Free access here or PDF here

Call for papers

Panel 9.3 Covid-19, Populism and Conspiracy Theories: Dynamics and Challenges in Europe

Focusing on the recent Covid-19 pandemic, this panel aims to explore the conspiratorial positions in the European context.
In the contemporary health crisis, fears and threats have become a fertile ground for new and old imaginaries of conspiracies. Moreover, recent studies show a strong relationship between conspiratorial beliefs and populist attitudes, above all, regarding seeing the people as victims at elites’ hands. Indeed, the rapid growth of populist political parties around Europe in the last decades has coincided with the simultaneously expanded spread of conspiracy theories, showing how populists apply them to promote their policies and support for their parties.
Conspiracy represents a rising key role in the European political background. Such increase is also because the EU itself is often observed as a technocratic conspiracy. Most essential studies have focused on the relationship between conspiracy theories and misinformation, ideologies, populism and partisanship. Other research, however, has focused on relationships with individuals, such as the self-social image, social status, income, trust in politics, and biases against further or political alienation.
Furthermore, other approaches have highlighted the direct and indirect consequences of conspiracy on institutional trust and political participation.
More generally, this can produce an extremisation process within political contexts and high political polarisation, both as state and process eroding trust in the democratic system.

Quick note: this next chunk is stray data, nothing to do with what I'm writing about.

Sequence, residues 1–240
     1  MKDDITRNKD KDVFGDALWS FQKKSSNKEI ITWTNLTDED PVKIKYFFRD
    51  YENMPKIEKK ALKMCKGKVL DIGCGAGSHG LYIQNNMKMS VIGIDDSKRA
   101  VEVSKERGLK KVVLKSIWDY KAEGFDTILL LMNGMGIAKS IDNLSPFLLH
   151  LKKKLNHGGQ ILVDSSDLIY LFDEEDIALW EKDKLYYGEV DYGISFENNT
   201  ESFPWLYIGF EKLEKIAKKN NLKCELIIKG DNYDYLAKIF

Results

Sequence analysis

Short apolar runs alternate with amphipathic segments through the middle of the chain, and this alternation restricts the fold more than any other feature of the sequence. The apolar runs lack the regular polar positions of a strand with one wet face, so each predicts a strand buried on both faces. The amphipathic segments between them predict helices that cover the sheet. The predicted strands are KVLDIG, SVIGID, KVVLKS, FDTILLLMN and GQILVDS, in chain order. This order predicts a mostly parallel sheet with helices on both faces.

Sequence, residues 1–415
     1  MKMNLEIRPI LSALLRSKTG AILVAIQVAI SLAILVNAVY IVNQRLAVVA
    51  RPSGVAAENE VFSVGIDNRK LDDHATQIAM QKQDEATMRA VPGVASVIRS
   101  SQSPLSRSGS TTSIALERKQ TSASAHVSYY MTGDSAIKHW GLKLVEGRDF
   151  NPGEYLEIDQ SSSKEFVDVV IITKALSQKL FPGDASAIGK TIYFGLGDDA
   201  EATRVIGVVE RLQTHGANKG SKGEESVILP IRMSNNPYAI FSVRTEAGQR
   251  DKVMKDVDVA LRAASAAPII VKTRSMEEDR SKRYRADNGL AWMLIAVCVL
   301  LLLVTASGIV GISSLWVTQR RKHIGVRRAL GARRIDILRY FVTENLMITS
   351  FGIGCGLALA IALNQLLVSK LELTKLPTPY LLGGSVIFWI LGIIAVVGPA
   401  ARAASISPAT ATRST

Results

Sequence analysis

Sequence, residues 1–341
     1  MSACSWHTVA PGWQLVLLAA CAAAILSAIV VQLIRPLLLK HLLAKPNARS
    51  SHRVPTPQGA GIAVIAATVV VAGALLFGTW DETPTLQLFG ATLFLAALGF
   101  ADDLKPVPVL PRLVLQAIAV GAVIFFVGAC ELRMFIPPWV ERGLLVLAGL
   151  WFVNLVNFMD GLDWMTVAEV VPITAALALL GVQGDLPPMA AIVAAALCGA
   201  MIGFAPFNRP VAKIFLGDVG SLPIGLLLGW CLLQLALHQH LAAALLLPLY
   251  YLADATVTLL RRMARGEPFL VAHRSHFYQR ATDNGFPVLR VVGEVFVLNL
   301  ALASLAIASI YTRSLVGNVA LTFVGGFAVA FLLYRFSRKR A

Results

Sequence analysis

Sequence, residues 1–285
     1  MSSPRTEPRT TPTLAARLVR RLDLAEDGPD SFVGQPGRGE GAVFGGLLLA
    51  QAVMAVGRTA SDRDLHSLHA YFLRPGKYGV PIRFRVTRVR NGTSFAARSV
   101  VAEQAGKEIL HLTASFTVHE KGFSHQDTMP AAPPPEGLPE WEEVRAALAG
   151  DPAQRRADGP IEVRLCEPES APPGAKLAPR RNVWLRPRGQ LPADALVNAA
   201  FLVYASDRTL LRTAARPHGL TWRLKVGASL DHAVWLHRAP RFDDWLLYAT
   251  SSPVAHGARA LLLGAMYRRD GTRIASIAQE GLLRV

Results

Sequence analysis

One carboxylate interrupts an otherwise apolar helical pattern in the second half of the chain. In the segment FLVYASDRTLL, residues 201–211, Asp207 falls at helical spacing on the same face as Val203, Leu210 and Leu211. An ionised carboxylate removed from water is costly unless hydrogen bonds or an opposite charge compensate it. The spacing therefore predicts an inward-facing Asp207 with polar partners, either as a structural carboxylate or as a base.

In this context, Europe is described in a dystopian image and blamed for creating crises, such as refugee issues, Greek debt, Brexit or the Covid-19 pandemic.
In the last years, political disciplines have increased attention worldwide on the relationship between populism and conspiracy, developing relevant empirical perspectives. Recent studies have improved methodological approach, basing most of the contemporary research on quantitative methodologies, such as analysis of opinion surveys or big data, but finding a new exciting application in the qualitative approach, such as interviews and participant observations.
This panel explores new perspectives to improve general knowledge of populism and conspiracy into the recent health crisis. For this reason, European comparative and single-case studies anchored to solid methodological and theoretical perspectives are welcome.

Chairs: Marino De Luca, Paul Taggart

Deadline: 17 May 2021

Check the list of available panels here 

In order to submit your paper proposal:
1. you have to register to MySISP
2. once you logged in, click on “CONVEGNO 2021”: you’ll be redirected to your private area for the 2021 conference
3. click on “propose a paper”, select the panel where you want to propose the paper and fill in the form.
Please note that no paper proposal will be accepted after the deadline.

The new Draghi government and the fate of populism in Italy

Featured image credit: Presidenza della Repubblica (Public Domain)

Read on EUROPP – European Politics and Policy – LSE Blog